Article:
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What Are the Penalties for Resisting Arrest in CT?

Typically, when faced with a situation we don't agree with, we try to reason with the other person to de-escalate the matter and avoid any adverse consequences from arising. Unfortunately, when the circumstances involve a police officer engaged in their official duties, any attempt to explain the situation or avoid being arrested can be taken as interfering with the cop. If you are charged with and subsequently convicted of resisting, you could face jail or prison time and steep fines.

What Is Resisting Arrest?

Resisting arrest means you are actively doing something that prevents an officer from taking you or someone else into custody. It can involve such things as getting into a physical altercation with a cop or trying to move away from them when they are attempting to handcuff you.

But Connecticut's law on resisting arrest, under C.G.S. § 53a-167a, isn't only concerned with physically preventing an officer from arresting a person. It provides that any behavior keeping an officer from performing their official duties can be charged as interfering.

Specifically, the law states that it is illegal to do any of the following toward a cop:

  • Obstruct
  • Resist
  • Hinder
  • Endanger

The definition of interfering is broad, and a charge is often levied against a person for engaging in even the slightest movement that may be construed as obstruction.

An individual can also be accused of committing the offense even if they didn't take any physical actions against the officer. For instance, say cops are called to a residence because of a loud party. When they arrive on the scene, they instruct the guests to stop moving and talking, but one guest keeps dancing and having conversations with those around him. That guest, even though he didn't do anything to the cops, could be arrested for resisting because his actions obstructed the officers' abilities to perform their official duties.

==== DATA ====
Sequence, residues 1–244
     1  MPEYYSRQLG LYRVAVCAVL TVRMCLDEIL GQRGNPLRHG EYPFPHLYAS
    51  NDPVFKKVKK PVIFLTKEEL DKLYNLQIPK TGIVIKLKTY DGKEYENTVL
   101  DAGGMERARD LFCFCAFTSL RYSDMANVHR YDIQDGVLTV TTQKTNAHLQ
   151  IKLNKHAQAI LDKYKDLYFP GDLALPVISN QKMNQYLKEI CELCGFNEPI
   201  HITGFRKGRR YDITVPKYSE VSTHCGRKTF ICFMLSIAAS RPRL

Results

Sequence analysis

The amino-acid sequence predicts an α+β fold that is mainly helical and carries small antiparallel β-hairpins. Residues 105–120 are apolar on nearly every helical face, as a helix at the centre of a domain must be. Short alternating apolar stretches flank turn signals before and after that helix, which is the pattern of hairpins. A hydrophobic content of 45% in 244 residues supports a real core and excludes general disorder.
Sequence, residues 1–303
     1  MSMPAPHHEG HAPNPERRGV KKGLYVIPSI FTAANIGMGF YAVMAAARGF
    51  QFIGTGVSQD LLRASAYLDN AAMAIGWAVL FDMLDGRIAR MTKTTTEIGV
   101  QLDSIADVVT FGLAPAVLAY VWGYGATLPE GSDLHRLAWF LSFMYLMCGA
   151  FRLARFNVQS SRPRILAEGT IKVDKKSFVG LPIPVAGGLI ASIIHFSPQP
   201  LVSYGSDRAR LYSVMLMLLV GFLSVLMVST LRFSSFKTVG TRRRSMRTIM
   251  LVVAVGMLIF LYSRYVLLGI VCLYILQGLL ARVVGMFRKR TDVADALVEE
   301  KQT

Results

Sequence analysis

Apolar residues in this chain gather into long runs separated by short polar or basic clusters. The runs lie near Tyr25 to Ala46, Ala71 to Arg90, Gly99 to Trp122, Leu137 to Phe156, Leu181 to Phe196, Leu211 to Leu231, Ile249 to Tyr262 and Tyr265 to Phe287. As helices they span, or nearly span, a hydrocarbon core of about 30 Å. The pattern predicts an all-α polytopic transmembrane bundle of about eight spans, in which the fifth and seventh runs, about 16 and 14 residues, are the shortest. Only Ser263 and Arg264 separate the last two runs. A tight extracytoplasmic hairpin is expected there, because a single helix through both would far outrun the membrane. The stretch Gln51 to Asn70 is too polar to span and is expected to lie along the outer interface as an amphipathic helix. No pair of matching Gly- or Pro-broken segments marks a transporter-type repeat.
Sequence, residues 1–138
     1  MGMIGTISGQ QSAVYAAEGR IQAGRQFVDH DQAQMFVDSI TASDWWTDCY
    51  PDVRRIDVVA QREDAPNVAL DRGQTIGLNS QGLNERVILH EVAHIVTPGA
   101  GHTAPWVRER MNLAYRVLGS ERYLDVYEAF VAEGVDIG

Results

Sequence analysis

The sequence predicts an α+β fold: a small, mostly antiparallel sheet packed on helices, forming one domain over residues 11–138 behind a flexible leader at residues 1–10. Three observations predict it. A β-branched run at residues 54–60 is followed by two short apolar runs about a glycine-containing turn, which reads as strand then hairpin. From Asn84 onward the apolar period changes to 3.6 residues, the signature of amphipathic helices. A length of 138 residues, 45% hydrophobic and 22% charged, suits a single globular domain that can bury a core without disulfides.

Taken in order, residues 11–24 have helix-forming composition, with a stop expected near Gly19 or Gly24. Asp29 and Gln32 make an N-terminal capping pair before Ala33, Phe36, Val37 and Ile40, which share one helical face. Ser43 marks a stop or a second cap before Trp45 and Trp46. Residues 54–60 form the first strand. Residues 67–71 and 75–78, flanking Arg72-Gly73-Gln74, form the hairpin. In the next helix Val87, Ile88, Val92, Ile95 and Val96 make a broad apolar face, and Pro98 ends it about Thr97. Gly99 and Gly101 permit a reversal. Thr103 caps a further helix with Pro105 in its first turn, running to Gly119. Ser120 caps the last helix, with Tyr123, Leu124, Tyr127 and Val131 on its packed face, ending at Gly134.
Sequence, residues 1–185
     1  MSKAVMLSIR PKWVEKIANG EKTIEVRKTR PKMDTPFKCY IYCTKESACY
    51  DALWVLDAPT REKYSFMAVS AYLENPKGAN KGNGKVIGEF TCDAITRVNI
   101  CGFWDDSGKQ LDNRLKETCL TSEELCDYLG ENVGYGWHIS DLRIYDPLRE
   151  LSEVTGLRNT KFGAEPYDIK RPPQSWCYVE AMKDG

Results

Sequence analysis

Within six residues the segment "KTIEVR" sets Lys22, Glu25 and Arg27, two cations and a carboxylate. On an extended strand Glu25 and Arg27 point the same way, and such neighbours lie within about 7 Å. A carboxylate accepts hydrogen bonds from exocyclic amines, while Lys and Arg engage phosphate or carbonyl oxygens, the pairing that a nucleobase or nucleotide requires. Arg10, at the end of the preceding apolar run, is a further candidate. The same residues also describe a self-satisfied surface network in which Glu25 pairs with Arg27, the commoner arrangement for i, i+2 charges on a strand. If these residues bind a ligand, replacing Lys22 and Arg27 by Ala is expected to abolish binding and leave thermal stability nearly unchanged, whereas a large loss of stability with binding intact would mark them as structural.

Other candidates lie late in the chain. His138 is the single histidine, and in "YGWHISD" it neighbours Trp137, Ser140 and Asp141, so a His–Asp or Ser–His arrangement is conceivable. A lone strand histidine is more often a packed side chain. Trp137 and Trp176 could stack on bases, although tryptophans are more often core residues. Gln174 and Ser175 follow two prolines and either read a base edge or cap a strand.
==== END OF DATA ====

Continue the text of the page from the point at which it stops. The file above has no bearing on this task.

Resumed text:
How Much Time Can You Get For Resisting Arrest?

In Connecticut, resisting arrest can be charged as either a misdemeanor or a felony. The length of incarceration depends on the level.

Generally, resisting arrest is a class A misdemeanor, which carries the following conviction penalties:

  • Up to 1 year in jail, and/or
  • Up to $2,000 in fines

If the interference with an officer causes serious injury or death to anyone, the offense becomes a class D felony.

The conviction penalties include:

  • Up to 5 years in prison; and/or
  • Up to $5,000 in fines

Resisting Charged Along With Other Offenses

If you're accused of resisting arrest, you'll likely be charged with that offense, along with any other underlying crime. For example, suppose your family or household member called the cops, alleging that you committed a domestic violence offense against them. The accusations are false, and you want to explain that to the officer, and when they attempt to take you into custody, you try to stop them. In this scenario, you could be charged with the domestic violence offense as well as resisting arrest.

When subjected to false allegations, or even an unlawful arrest, it's best to comply with an officer's instructions to avoid facing further charges and penalties. During trial is when you can present evidence to refute the claims or demonstrate that your rights were violated.

At Tomeo Sills, LLC, our Connecticut lawyers can help fight your charges and work toward a favorable outcome on your behalf. Schedule a free consultation by calling us at (844) 913-7747 or filling out an online contact form.